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Australian philosopher, literary critic, legal scholar, and professional writer. Based in Newcastle, NSW. My latest books are THE TYRANNY OF OPINION: CONFORMITY AND THE FUTURE OF LIBERALISM (2019) and AT THE DAWN OF A GREAT TRANSITION: THE QUESTION OF RADICAL ENHANCEMENT (2021).

Monday, August 15, 2016

One year ago at Cogito: "Amnesty International and the Prostitution Debate"

In case you missed it, this post at Cogito on "Amnesty International and the Prostitution Debate" appeared just on a year ago and I never did follow up in the way I foreshadowed at the end. Perhaps I should still do so, but it's one of those topics where I hesitate. It's so emotionally explosive - with very passionate views on all sides - that civil discussion is almost impossible, any factual errors will be pounced on viciously, and disagreement is likely to be interpreted as showing a morally corrupt character. If you want to make a genuine intellectual contribution, as opposed to engaging in noisy activism for whichever policies and viewpoints you already favour, this is an issue where you need to be very careful indeed.

Sample (slightly edited for flow):
Responses by philosophers run the entire gamut from fierce hostility toward prostitution (and toward any policy of full decriminalization) to an almost rhapsodic affirmation of prostitution’s benefits.

This illustrates both the strength and the limitations of philosophy as an academic discipline. The various philosophers who responded to a request from the philosophy blog Daily Nous to discuss this topic are clearly intelligent people. All of them make useful observations for the purpose of clarifying what is at stake. Yet they come to a wide range of conclusions, with no realistic prospect that they could ever converge on agreement.

As so often with philosophical debate, we can see that the participants are all operating with deep preconceptions about values, priorities, morality, and the role of law. Generally speaking, their responses are quite logical if you accept their preconceptions, but how do we establish which of these are the right ones?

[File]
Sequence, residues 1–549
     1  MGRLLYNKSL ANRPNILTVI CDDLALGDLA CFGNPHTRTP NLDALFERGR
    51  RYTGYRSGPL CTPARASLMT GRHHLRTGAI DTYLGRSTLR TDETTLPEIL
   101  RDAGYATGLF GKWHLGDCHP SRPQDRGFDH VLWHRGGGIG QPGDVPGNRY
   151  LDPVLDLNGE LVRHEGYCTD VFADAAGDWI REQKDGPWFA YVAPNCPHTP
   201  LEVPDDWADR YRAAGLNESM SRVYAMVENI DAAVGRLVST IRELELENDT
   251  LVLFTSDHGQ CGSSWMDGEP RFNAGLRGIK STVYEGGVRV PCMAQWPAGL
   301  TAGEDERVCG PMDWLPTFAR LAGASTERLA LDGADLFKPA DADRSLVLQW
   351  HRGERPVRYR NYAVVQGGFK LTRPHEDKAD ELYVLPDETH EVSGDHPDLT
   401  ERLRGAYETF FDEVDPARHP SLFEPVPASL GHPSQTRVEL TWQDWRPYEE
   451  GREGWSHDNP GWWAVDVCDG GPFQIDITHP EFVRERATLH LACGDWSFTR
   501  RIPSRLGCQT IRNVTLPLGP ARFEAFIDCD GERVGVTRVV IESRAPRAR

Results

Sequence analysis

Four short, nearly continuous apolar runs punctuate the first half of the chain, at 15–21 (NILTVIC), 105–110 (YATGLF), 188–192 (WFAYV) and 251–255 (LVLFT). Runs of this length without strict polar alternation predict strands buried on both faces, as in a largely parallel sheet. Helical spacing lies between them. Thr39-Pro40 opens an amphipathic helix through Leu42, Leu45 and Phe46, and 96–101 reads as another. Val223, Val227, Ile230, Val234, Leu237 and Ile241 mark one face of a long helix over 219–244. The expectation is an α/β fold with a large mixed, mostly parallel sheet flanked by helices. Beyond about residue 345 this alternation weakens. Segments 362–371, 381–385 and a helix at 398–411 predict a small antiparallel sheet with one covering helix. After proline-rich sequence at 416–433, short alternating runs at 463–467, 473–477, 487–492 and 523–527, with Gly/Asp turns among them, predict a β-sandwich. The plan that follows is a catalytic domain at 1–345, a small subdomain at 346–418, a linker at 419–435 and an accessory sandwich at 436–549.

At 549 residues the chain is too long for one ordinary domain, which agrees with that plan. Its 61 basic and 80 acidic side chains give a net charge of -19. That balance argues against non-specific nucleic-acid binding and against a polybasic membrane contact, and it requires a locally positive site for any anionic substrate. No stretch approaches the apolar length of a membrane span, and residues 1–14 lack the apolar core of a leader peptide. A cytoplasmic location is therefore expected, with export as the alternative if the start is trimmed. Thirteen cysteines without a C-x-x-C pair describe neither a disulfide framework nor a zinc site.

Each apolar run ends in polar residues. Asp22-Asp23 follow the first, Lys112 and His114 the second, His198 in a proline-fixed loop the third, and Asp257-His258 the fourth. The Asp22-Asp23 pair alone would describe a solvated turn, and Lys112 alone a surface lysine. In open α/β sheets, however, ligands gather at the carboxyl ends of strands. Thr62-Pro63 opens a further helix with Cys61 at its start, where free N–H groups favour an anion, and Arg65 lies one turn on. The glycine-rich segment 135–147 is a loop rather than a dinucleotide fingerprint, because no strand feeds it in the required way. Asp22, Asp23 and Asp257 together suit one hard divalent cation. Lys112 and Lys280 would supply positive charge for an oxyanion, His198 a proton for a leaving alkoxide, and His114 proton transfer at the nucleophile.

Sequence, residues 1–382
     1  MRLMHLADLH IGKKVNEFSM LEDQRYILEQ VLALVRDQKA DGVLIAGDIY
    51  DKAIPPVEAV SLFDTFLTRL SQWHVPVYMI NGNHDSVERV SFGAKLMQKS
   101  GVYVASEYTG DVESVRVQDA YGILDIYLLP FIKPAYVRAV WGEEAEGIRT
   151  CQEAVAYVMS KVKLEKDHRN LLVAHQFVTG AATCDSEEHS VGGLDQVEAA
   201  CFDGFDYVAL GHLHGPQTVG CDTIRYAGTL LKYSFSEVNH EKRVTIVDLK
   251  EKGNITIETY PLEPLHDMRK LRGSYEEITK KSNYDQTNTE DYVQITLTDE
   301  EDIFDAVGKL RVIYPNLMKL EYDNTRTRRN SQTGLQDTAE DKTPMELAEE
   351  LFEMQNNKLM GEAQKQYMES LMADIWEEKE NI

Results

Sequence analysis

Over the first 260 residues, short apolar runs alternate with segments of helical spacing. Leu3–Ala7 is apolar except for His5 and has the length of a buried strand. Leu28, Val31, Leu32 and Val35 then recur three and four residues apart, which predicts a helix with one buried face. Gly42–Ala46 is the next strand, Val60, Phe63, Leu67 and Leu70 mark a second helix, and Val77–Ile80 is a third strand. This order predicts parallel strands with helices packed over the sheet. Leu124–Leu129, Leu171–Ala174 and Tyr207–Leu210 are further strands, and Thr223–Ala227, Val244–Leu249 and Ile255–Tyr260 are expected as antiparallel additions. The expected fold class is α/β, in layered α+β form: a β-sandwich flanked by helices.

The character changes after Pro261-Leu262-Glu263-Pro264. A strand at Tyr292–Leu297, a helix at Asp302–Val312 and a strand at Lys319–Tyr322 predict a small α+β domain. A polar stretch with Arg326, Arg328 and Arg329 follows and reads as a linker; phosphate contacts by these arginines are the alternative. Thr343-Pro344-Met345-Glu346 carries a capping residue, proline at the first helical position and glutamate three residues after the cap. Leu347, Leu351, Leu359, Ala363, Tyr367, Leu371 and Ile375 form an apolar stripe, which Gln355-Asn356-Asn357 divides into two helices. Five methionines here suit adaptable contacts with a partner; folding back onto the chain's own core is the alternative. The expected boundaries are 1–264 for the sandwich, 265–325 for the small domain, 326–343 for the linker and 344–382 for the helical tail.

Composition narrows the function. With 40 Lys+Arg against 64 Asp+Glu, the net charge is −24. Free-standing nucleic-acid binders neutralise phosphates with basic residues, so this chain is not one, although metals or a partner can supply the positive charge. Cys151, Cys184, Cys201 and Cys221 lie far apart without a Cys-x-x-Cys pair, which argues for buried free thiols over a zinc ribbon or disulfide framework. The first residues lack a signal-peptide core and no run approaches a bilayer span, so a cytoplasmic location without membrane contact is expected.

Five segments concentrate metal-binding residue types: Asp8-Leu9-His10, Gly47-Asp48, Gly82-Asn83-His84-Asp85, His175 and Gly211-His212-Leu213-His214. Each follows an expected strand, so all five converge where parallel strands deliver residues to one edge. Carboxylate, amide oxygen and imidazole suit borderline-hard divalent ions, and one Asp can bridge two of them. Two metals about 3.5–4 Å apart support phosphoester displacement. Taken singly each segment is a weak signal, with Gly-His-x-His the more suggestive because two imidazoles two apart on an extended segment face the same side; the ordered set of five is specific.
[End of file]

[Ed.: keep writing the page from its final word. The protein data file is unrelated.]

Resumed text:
Much work in academic philosophy involves an intellectually rigorous effort to solve exactly that problem. I certainly don’t suggest that it is impossible, and perhaps we do make slow progress. In practice, however, it’s extraordinarily difficult. If philosophers - or other people - are to reach agreement, sooner or later they must identify some shared premises from which they can reason and argue. But even professional philosophers find this difficult when engaged in moral, political, and social or cultural controversies, such as what we should do about prostitution.

As for what I think about prostitution… I think it’s a difficult issue, I change my mind frequently (at least about the details of a wise policy approach), and I think there are considerations that can pull in different directions. I’ve tended in the past to support full decriminalization, in the sense discussed above, but I doubt that it can be the whole story or that prostitution deserves our rhapsodies. It’s possible, too, that we need more empirical data, and that what might work in one society (if we’re mainly seeking harm reduction) could fail in another.

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